Lachrymae (Mary Lloyd), ca. 1894–95
Frederic, Lord Leighton (English, 1830–1896)
Oil on canvas; 22 3/8 x 18 1/2 in. (56.8 x 47 cm)
Catharine Lorillard Wolfe Collection, Wolfe Fund, 1896 (96.28)
Lachrymae, the title chosen by the artist, is the Latin word for "tears." Every aspect of the composition emphasizes the subject, from the fading sunset to the cypress trees (traditional symbols of death, because once cut, they do not regenerate) and laurel bushes (like cypress, laurel is evergreen and, thus, a symbol of immortality). The overall Hellenic theme of the canvas reflects contemporary Victorian interest in Greek funerary art.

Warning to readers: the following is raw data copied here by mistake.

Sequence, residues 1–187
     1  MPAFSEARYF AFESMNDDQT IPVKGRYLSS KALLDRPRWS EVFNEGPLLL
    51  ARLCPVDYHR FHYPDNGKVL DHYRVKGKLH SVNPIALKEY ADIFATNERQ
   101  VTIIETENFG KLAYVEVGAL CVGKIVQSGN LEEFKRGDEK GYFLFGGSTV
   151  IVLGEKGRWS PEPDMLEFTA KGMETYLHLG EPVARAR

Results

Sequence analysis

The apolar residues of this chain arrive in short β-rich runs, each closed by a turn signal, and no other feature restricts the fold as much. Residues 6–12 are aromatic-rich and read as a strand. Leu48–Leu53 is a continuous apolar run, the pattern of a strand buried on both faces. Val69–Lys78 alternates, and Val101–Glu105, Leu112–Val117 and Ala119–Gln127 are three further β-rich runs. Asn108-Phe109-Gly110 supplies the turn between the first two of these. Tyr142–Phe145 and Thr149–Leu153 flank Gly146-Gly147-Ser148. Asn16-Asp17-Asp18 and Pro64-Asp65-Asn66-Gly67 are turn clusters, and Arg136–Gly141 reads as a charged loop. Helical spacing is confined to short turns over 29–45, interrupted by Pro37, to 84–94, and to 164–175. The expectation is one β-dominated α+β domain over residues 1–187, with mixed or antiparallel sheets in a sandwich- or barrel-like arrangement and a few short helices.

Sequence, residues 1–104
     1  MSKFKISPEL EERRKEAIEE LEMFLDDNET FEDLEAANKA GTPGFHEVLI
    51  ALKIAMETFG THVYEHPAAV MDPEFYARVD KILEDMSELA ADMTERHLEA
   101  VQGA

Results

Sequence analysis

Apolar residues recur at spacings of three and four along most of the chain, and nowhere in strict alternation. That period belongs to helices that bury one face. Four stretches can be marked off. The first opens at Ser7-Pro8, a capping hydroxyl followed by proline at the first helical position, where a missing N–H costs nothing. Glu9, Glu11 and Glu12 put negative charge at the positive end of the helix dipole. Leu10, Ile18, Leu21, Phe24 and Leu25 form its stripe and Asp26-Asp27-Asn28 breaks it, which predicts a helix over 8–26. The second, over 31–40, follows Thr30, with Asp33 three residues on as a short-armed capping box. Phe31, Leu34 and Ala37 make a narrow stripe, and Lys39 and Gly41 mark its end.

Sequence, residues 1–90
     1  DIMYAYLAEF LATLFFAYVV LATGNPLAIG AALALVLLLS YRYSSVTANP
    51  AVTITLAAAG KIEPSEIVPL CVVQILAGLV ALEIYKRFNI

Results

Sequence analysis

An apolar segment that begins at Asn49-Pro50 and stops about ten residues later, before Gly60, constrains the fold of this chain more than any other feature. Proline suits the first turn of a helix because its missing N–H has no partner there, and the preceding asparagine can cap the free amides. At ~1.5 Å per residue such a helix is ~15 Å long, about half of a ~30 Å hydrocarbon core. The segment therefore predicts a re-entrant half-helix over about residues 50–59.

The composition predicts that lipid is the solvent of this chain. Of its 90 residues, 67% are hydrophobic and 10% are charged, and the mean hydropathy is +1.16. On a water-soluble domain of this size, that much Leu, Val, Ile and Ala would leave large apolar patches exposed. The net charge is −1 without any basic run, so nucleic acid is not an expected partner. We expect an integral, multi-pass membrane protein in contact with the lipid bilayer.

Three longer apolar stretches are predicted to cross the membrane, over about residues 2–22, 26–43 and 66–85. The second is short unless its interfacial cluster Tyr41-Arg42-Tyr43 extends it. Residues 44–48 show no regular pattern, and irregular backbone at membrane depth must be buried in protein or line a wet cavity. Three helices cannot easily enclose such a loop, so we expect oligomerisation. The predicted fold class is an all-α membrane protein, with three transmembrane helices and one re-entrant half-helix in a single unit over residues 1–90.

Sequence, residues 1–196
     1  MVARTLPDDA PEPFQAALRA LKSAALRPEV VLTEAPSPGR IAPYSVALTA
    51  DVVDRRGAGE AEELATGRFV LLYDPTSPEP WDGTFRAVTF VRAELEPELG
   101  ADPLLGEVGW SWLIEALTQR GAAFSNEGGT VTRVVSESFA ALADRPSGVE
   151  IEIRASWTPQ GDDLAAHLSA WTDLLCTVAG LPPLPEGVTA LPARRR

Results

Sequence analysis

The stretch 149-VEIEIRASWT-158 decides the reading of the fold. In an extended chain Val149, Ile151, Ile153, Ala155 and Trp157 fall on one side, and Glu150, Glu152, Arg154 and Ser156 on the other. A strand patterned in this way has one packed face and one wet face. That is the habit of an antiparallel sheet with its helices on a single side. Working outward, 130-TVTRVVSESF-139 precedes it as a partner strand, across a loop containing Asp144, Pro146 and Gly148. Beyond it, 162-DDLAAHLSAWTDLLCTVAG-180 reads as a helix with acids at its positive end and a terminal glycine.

Leighton was already suffering from what would prove to be fatal heart disease when he painted this melancholy work. He was at the height of his fame, having served as president of the Royal Academy for more than fifteen years. As he did with several of his other pictures, Leighton selected the frame; in this case, one that creates the impression of viewing the scene through a doorway.